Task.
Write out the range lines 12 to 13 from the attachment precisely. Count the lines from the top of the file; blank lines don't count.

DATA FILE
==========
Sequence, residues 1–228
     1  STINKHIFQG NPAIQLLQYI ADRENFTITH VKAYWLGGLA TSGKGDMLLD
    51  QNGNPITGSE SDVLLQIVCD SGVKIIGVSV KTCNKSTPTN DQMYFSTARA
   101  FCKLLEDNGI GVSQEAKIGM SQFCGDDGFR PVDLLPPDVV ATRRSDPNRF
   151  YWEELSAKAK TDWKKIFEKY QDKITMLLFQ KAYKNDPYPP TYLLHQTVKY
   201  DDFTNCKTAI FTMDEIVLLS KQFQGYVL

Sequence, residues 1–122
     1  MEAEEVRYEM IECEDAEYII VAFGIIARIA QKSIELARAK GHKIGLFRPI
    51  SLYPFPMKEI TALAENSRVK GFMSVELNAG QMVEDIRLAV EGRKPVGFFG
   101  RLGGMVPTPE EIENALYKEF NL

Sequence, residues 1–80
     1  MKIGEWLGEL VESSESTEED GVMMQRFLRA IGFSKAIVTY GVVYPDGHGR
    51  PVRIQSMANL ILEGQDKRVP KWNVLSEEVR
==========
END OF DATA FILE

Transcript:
     1  MKIGEWLGEL VESSESTEED GVMMQRFLRA IGFSKAIVTY GVVYPDGHGR
    51  PVRIQSMANL ILEGQDKRVP KWNVLSEEVR